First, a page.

Roman Ships Could Transport Live Fish



In order to keep their catch alive (and fresh) until they return to shore, fishermen have traditionally used "stringers" to suspend the catch over the side of the boat.  What was thought to be a more modern invention was the "livewell," a container on board supplied with circulating water.  Now archaeologists have discovered evidence that livewell technology was used by the Romans in the second century.
Consisting of a pumping system designed to suck the sea water into a fish tank, the apparatus has been reconstructed by a team of Italian researchers who analyzed a unique feature of the wreck: a lead pipe inserted in the hull near the keel... Indeed, a number of historical accounts have suggested that the Romans might have transported live fish by sea. For example, the scientist and historian Pliny the Elder (23 – 79 A.D.), wrote that live parrotfish were shipped from the Black Sea to the Neapolitan coast in order to introduce the species into the Tyrrhenian Sea.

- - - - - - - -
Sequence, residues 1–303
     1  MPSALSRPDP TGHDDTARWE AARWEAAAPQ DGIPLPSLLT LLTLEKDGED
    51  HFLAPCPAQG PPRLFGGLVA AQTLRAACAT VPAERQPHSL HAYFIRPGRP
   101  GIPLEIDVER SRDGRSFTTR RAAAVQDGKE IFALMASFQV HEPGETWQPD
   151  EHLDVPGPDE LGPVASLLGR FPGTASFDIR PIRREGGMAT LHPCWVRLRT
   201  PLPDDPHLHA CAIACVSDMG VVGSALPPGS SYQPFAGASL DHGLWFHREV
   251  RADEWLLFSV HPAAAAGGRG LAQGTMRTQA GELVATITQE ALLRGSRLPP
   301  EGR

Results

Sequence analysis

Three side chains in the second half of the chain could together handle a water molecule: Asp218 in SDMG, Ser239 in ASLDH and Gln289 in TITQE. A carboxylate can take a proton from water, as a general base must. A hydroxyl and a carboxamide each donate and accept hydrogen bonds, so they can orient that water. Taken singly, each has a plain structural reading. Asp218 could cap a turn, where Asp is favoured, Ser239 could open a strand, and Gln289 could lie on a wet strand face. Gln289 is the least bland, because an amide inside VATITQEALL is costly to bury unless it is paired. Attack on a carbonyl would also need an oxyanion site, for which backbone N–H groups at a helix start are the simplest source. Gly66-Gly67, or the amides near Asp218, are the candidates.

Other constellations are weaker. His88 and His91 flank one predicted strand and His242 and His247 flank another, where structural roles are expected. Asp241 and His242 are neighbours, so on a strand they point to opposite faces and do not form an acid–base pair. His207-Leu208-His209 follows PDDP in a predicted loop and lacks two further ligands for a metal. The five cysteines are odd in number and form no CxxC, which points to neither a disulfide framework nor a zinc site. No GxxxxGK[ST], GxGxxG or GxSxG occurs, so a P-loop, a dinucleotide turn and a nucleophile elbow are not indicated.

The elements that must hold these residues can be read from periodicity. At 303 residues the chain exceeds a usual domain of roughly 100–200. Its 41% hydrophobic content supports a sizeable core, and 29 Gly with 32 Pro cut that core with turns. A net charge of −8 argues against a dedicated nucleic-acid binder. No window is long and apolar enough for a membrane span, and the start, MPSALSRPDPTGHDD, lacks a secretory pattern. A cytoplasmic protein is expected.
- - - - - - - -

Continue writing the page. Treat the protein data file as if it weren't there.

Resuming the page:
Measuring 51 inches in length and featuring a diameter of at least 2.7 inches, the unique lead pipe was located in a sort of "small bilge-well" and would have been connected to a hand operated piston pump (which had not been found within the wreck).

Additional details are at Discovery News.  Schematic diagram by Simone  Parizzi.

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